Author: Sarah Schmerler (Page 2 of 5)

Library Day Section 106

Hi Mon night class (Section106E). The Library Information Session that was scheduled on the snow day is rescheduled for tomorrow, Mon 25, at 6PM. Please meet me outside the Library, where we will take roll. We will then proceed to the library’s classroom with our Librarian, Dr. Berger.

UNIT 2 Posts So Far

Low-stakes assignment Posts for UNIT 2 as of April 1:

Reflection on “Shitty First Drafts” by Annie Lamott and Reflection on “Navigating Genres” by Kerry Dirk

Posted  under the Category UNIT 2: Assignment 1

A written “recipe” for a skill/something you do well

Posted under Category UNIT 2 Assignment 2

(For Section 439 Only): A written “recipe” for how to sustain a relationship

Posted under Category UNIT 2 Assignment 2

A list of 10 or so types of writing (genres) that you encounter in your life

Posted under Category UNIT 2 Assignment 2

Writing about a skill/something you do well in the form and style of a genre that you encounter in your everyday life.

Posted under Category UNIT 2 Assignment 2

ANOTHER writing about a skill/something you do well in the form and style of a genre that you encounter in your everyday life.

Posted under Category UNIT 2 Assignment 2

Working on the train, bus, in transit to record Outer and Inner Dialogues in at least three different locations or times, with setting and situation noted.

Due Date, format, and transcription details To Be Announced

UNIT 1 Posts are Now Complete

The Prompts and Posts to Open Lab that comprised our low-stakes assignments for UNIT 1 were as follows:

Lipogram without “the

Prisoner Lipogram without descending letters on the topic of “fear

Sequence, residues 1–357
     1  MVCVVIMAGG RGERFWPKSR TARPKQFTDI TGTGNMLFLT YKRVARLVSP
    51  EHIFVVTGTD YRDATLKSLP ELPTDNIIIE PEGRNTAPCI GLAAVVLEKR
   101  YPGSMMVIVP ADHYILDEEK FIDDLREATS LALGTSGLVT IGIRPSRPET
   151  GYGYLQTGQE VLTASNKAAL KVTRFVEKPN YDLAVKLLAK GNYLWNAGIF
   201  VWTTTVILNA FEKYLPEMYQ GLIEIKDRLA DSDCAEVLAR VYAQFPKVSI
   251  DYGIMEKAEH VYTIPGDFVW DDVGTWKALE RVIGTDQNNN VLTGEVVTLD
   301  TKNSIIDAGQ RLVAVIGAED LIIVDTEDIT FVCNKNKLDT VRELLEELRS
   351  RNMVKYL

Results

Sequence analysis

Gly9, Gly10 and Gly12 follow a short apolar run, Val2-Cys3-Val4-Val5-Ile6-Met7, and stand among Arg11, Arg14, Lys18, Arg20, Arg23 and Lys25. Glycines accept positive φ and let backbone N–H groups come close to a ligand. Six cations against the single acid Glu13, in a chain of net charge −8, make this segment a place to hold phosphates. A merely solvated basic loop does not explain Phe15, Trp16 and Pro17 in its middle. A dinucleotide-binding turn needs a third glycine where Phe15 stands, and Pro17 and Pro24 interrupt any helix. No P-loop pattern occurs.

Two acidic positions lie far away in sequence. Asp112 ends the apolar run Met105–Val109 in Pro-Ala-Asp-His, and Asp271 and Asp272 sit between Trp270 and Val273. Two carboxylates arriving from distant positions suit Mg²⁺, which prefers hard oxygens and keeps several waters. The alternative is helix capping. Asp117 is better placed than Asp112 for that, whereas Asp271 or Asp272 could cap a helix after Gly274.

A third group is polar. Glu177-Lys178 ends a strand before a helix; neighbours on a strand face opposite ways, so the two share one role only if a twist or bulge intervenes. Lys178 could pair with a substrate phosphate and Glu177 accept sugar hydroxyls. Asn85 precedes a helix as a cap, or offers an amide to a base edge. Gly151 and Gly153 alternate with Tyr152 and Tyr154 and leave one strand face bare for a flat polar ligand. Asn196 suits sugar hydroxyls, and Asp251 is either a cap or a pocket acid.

Prisoner Lipogram without ascending letters on the topic of “cure

Your Shelf (list) of Influences

Reflection on Assigned readings by author Laura Carroll “Backpacks v. Briefcases”

Reflection on Assigned reading by author Nelson Graff “Teaching Rhetorical Analysis”

(Sections D439 and E106)


Reflection on Assigned reading by Laura  Carroll  “Backpacks v. Briefcases”

Reflection on Assigned reading: “Grammar to Get Things Done”

(Section E115)

One extra piece of free writing, e.g., “On the way to school today, an unusual thing I noticed,” etc.

Reflection on writing with constraint thus far (Section D439 only, handwritten or posted)

Dancing: A Recipe

Materials Needed:

1 Flat surface (preferably smooth)

1 body

2 Legs (legs are helpful!, but not required);

2 Arms (helpful as well, but you can manage without them)

1 Spirit (only 1, but a very broad and all-embracing 1 is best)

1 piece of Music

1 large compulsion to move when you hear or otherwise think of rhythm

1 Ego that can withstand the worry about how stupid you probably will look to other people

Self confidence (1 large bushel)

At least 1 sense of rhythm recommended (but you can get away without it if you have to)


  1. Get some music. Listen closely to it. If you listen well, your dance will be good; if you don’t, you may well look pathetic.
  2. Allow your body to sway/step or otherwise depart from the position in which you originally find yourself.
  3. Feel free to repeat this movement many times in an order that corresponds with your music.
  4. Smile. This helps you dance better. People often forget to do this.
  5. Remember that good dance is not about “steps” but about “weight” and “form in space.” Think about how you distribute your weight when you step or otherwise move.
  6. Respect the space of the people dancing around you — don’t hurt or otherwise impede them from doing their thing.